Is There Any Hope for These Three Rate-Sensitive Sectors?

Mike Larson

Amid all the euphoria about Dow-almost-20,000, one group of stocks got left out of the party. Interest rate-sensitive sectors.

Just look at this table showing the recent performance of investments like the Utilities Select Sector SPDR Fund (XLU, Rated “B”), the Consumer Staples Select Sector SPDR Fund (XLP, Rated “B”), or the iShares U.S. Real Estate ETF (IYR, Rated “C+”). I’ve also shown the performance of competing investments like the Financial Select Sector SPDR Fund (XLF, Rated “B”) and the Materials Select Sector SPDR Fund (XLB, Rated “C+”).

You can see that while all of those sector ETFs are showing positive three-month returns, the performance gap is sizable. Financial stocks have jumped by more than 18%, while materials stocks have climbed almost 9%. But utilities are up just over 2% in the same time period. The consumer staples sector has gained only 1.6%, while the real estate sector has barely budged.

What gives? Utilities, consumer staples, and Real Estate Investment Trusts (REITs) are interest-sensitive. That means they tend to trade more with the bond market than the stock market. When bond prices rise, they rise. When bond prices fall, they fall.

Since it hit a high of around $143-and-change, the benchmark iShares 20+ Year Treasury Bond ETF (TLT, Rated “C”) has fallen virtually nonstop. In fact, it’s down around 8% in the past three months and almost 12% in the past six.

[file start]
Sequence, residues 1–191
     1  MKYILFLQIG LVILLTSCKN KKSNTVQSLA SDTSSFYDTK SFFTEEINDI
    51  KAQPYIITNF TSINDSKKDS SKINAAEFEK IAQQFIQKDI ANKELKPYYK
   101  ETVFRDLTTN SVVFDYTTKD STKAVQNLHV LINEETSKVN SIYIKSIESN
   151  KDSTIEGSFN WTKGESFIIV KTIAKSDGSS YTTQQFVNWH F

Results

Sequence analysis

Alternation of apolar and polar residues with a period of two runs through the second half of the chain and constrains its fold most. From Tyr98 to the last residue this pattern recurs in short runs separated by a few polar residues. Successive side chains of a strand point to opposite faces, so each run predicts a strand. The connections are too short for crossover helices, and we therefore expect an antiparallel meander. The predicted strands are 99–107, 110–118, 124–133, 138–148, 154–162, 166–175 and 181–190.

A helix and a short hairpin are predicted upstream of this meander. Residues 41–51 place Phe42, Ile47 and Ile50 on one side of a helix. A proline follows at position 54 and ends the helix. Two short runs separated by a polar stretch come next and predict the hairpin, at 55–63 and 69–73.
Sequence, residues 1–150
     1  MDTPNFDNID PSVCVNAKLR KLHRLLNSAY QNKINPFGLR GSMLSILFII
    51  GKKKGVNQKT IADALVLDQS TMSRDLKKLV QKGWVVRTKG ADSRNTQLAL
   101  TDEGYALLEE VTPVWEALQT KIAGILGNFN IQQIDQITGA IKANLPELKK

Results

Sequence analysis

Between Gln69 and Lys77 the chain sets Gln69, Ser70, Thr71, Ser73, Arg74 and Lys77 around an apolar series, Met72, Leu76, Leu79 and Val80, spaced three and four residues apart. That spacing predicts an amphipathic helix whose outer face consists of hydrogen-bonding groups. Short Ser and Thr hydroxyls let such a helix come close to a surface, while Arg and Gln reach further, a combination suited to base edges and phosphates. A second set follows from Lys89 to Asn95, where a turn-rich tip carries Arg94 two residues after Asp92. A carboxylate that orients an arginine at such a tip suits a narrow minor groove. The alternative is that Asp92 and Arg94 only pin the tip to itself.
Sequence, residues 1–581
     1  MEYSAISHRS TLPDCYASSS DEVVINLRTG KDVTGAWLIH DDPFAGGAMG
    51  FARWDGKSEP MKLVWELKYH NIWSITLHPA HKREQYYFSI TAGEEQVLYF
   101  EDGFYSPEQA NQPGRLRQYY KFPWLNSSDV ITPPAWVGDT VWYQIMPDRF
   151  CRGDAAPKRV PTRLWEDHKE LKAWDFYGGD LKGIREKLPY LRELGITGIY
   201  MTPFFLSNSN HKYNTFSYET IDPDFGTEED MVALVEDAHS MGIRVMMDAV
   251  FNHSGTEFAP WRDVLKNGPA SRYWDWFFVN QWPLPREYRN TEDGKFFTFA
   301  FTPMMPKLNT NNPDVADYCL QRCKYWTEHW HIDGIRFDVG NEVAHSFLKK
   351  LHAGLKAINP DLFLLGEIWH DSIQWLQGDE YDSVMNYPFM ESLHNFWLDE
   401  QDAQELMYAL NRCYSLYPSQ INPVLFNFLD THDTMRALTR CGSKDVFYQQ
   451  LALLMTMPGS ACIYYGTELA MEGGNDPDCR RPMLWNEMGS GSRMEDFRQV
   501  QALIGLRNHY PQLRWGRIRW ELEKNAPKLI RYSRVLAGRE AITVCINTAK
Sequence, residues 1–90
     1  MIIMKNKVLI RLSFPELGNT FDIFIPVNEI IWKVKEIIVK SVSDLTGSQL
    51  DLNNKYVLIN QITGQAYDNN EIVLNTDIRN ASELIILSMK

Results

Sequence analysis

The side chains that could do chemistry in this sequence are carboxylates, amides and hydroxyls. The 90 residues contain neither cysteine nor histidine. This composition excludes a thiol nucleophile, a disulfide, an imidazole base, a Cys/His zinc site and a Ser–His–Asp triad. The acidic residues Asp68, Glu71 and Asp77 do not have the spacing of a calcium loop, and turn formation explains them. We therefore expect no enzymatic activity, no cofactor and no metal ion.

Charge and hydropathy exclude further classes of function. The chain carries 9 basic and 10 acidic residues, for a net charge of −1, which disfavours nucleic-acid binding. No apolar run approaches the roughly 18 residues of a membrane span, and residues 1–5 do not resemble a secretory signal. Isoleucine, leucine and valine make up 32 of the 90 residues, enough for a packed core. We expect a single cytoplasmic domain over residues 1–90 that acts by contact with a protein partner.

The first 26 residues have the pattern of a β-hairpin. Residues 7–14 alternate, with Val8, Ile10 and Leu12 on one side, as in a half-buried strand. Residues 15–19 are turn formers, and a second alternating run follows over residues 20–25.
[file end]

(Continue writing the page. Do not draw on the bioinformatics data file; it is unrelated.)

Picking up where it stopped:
So is there any hope for these lagging sectors? Should you go bottom fishing in REITs or utilities?

It really all comes down to Trump-enomics. If his programs fail and the economy can’t get off the mat, bond prices will rise and so will rate-sensitive stocks. If his programs succeed and growth accelerates, both bonds and rate-sensitive shares will lag.

The latest figures on everything from housing starts to industrial production to regional economic confidence have come in hot. That suggests the post-election economic bounce is real, or at least that investors and consumers believe it is.

So yes, bonds look deeply oversold. That means we could get a bounce in these sectors at some point. But unless and until the economic fundamentals deteriorate, or recent rate trends reverse, you’re better off looking elsewhere if you want income and capital gains.

To help get you started, I created a Weiss Ratings Screener showcasing stocks with better-than-market dividend yields (between 2.35% and 10%). I further narrowed that list down to stocks with three-month total returns of at least 2.37% or higher, as that was the best performance of any of the rate-sensitive ETFs listed earlier. Finally, I filtered out any stocks that weren’t BUY-rated.

Check out the results online here. You’ll find that many of the stocks listed are Business Development Companies (BDCs), which I wrote about in more detail last week.

As a reminder, you’ll need a Weiss Platinum subscription to use our full-featured stock screeners. So be sure to sign up if you haven’t already. And be sure to do it soon … Because right now we are offering our Platinum memberships for half off the regular price, and you get three valuable bonuses. Click here for details.

Until next time,

Mike

Mike Larson, Senior Analyst

ETF Spotlight Edition, by Mike Larson, Senior Analyst

Mike Larson is a Senior Analyst for Weiss Ratings. A graduate of Boston University, Mike Larson formerly worked at Bankrate.com and Bloomberg News, and is regularly featured on CNBC, CNN, Fox Business News and Bloomberg Television as well as many national radio programs. Due to the astonishing accuracy of his forecasts and warnings, Mike Larson is often quoted by the Washington Post, Chicago Tribune, As-sociated Press, Reuters, CNNMoney and many others.

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